Colony, a six-part series on Maine’s long path to statehood
Maine is celebrating the bicentennial of its statehood this year, but the story of our beginnings lies in the millennia and centuries that preceded March 15th, 1820, the day we regained our independence from Massachusetts.
Colony, a six-part series that launched in the Maine Sunday Telegram today tells that story. It’s a harrowing and little understood saga of war and betrayal, of clashing empires and ethnic cleansing, of an intra-English civil war and a 170 year colonial occupation by Massachusetts of what had been a separate province. These events shaped us as a people and explain some of our culture’s most impressive virtues and most frustrating faults, as well as the still fraught relationship between this land’s real natives and the rest of us whose families came “from away” at some point in the past four hundred years.
This first chapter is on the prehistoric and immediate contact period hereabouts. The series continues each Sunday for the next month and a half.
COLIN WOODARD is a New York Times bestselling author and award-winning journalist. He is the author of six books that have been translated into a dozen foreign languages and inspired an NBC television drama. He is currently a Senior Visiting Fellow at the Pell Center for International Relations and Public Affairs at Salve Regina University and State and National Affairs Writer at the Portland Press Herald and Maine Sunday Telegram, where he won a 2012 George Polk Award and was a finalist for a Pulitzer Prize in 2016. He is a contributing editor at POLITICO and his work has appeared in The New York Times, The Washington Post, The Economist, Smithsonian and dozens of other major publications.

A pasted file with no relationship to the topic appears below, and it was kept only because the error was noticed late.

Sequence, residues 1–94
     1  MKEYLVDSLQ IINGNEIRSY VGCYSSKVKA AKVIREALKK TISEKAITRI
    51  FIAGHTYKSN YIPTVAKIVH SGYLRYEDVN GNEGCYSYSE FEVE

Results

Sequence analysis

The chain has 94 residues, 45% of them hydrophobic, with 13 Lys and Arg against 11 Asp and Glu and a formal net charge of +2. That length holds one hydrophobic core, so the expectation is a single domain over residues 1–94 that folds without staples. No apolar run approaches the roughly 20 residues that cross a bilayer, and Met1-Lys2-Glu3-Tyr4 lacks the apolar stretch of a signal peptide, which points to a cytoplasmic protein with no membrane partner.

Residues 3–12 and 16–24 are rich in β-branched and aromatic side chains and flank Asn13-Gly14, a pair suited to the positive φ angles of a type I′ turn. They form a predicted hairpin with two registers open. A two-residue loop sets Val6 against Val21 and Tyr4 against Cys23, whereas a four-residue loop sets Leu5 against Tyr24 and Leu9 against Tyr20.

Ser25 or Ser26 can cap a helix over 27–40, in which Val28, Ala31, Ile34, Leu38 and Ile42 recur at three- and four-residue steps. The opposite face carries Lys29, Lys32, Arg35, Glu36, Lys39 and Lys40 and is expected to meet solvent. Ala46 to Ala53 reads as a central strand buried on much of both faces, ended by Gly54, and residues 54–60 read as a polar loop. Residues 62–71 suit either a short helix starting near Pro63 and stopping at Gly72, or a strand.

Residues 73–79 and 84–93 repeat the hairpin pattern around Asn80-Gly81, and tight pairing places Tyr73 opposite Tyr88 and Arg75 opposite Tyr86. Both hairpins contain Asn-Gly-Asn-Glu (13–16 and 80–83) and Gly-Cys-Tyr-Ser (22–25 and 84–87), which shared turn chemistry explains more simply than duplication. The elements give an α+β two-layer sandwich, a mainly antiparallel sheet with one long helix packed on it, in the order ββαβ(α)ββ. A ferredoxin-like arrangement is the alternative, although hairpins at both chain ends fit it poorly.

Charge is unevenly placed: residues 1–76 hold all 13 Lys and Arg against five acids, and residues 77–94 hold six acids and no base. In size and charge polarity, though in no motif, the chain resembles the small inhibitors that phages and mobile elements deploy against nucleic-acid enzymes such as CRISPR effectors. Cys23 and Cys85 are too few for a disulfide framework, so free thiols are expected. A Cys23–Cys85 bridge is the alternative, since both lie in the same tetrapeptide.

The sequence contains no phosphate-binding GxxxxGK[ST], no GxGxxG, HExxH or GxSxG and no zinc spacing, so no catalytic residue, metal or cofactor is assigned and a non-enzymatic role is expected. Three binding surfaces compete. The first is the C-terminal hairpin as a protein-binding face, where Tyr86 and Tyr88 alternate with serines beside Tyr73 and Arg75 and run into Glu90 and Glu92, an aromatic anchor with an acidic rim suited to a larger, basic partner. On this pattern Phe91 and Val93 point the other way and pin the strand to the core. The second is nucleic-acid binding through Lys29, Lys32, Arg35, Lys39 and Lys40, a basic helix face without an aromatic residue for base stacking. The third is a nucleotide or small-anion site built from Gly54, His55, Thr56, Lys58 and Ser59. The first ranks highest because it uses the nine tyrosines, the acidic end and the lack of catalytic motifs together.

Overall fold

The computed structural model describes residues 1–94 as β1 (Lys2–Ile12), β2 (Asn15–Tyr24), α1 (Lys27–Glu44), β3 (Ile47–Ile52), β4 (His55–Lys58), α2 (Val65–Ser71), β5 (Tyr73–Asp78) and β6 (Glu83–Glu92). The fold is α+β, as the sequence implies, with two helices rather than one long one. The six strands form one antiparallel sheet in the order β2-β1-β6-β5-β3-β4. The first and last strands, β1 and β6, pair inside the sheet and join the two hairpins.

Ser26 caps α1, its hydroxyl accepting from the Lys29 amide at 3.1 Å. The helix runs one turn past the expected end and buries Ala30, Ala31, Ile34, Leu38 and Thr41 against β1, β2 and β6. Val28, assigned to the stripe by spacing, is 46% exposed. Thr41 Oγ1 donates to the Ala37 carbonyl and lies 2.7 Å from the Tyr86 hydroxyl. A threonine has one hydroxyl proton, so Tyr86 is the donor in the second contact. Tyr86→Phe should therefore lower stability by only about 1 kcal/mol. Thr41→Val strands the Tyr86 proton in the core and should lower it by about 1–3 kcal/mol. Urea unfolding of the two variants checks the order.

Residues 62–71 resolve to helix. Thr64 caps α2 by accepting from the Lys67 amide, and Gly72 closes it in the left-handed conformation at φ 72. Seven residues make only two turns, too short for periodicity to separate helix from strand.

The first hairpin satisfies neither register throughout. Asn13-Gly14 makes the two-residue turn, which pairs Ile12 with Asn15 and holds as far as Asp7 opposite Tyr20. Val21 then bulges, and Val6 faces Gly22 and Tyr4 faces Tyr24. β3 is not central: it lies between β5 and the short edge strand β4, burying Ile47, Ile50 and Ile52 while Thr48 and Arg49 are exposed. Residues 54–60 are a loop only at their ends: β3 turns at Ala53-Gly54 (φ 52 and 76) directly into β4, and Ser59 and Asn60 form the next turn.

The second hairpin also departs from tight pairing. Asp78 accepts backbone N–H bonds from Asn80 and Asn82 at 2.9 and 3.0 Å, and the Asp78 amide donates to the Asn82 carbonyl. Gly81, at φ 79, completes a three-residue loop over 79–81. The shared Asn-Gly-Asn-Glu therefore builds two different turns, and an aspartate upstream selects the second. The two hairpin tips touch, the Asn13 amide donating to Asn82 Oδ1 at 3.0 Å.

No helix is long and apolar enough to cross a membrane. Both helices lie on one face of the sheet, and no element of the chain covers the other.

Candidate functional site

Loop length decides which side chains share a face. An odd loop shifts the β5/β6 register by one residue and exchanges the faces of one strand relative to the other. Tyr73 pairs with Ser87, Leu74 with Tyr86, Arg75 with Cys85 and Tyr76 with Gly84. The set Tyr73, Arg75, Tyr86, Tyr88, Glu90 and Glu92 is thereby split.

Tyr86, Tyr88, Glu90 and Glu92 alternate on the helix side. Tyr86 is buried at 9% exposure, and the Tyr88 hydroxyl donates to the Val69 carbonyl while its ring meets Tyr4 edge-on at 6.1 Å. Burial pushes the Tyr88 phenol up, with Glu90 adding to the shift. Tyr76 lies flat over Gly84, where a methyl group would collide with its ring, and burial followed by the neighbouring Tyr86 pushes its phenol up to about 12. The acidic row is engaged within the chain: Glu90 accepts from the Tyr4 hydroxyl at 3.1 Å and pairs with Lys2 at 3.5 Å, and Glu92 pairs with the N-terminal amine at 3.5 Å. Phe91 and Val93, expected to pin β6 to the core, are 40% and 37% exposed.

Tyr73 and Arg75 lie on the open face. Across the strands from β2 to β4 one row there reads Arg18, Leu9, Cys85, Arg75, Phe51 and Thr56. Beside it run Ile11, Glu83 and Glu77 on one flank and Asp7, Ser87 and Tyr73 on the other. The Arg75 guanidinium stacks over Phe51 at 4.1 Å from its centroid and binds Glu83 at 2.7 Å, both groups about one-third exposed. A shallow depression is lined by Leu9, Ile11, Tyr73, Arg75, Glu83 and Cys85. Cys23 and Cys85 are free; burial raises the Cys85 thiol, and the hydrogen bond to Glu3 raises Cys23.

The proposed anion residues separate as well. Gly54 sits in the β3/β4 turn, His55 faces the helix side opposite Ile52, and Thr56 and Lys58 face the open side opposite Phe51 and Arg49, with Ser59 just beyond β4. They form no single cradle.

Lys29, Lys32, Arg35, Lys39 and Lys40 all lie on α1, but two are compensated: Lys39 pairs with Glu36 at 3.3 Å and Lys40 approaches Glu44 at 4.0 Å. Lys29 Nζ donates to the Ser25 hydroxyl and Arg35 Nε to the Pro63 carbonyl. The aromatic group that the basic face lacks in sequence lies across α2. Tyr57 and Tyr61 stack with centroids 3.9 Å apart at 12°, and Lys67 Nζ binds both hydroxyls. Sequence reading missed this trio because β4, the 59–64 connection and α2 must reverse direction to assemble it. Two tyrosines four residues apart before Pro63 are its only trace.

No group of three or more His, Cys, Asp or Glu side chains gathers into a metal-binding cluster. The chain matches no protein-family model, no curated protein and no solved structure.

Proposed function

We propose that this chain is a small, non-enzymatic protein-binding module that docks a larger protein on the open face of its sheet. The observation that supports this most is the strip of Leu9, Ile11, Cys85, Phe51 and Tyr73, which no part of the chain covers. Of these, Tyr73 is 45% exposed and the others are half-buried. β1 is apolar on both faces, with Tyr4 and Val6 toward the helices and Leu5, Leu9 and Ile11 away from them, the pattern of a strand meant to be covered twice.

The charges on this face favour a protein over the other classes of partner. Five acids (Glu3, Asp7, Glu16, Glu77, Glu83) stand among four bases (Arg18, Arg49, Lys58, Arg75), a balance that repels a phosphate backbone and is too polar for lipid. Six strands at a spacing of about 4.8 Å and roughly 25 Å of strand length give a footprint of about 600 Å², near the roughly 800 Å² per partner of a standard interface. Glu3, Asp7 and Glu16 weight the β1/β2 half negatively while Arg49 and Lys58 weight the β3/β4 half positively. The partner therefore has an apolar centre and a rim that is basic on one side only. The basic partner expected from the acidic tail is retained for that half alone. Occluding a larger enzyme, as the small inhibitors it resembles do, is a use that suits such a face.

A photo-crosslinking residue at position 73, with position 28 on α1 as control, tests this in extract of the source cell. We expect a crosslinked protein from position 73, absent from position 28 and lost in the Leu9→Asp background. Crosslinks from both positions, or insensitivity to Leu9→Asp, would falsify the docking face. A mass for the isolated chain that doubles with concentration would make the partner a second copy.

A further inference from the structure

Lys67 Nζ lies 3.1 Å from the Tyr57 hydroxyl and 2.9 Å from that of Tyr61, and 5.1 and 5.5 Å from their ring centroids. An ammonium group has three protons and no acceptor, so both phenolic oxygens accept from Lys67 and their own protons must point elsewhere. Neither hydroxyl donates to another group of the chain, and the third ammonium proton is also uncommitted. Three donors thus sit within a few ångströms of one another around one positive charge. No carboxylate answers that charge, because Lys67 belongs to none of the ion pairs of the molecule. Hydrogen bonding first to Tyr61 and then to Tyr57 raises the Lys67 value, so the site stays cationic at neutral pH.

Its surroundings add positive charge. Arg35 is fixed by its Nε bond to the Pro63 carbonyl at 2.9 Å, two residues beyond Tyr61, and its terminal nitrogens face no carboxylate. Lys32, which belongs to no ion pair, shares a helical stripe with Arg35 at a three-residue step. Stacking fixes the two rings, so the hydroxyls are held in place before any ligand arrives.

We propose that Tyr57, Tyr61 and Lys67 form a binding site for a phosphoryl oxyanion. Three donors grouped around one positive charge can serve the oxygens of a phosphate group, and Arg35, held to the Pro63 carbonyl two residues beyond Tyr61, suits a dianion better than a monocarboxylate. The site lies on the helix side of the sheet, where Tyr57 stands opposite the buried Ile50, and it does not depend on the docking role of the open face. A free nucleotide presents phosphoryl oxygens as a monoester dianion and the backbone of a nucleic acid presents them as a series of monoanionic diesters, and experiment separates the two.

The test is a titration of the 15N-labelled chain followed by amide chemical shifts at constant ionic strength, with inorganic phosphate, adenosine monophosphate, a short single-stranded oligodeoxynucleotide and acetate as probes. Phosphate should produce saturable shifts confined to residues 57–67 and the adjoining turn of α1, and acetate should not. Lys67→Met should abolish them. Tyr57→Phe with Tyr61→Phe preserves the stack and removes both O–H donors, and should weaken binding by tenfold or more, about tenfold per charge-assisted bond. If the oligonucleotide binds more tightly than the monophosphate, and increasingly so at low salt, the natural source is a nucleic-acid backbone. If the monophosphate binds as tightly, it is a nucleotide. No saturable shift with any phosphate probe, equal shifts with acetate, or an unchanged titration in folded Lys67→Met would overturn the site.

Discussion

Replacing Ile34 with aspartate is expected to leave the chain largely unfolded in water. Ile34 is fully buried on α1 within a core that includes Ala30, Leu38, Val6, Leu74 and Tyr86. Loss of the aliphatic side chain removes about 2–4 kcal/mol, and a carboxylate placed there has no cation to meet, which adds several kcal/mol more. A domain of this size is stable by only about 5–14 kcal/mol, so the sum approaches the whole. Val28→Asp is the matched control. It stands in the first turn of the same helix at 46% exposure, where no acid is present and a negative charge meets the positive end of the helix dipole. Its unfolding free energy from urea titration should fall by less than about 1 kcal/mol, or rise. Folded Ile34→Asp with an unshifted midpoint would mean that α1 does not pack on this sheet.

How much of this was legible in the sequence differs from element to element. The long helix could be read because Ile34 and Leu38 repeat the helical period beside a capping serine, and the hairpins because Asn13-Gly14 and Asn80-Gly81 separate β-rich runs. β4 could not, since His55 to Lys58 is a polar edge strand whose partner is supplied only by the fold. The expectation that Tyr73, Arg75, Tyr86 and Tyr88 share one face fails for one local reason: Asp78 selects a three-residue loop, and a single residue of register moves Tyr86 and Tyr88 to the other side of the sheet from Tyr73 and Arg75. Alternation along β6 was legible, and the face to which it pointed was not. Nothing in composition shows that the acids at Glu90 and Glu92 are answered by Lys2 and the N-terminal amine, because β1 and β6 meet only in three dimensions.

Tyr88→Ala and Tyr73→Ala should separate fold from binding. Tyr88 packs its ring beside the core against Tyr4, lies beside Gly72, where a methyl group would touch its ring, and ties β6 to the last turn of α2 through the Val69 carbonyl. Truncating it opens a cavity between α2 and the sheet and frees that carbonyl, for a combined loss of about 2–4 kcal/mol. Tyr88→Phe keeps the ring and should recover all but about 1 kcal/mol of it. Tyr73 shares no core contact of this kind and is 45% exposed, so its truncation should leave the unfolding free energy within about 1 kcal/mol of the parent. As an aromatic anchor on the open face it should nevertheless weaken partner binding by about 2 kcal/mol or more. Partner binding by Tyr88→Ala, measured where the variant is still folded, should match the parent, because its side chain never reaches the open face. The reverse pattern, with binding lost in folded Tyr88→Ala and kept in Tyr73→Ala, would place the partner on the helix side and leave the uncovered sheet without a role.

A native of Maine, he has reported from more than 50 countries and seven continents and lived for more than four years in Eastern Europe during the collapse of the Soviet empire and the transition that followed. A graduate of Tufts University and the University of Chicago he is past Pew Fellow in International Journalism at the Johns Hopkins University School of Advanced International Studies and a recipient of the Jane Bagley Lehman Award for Excellence in Public Advocacy.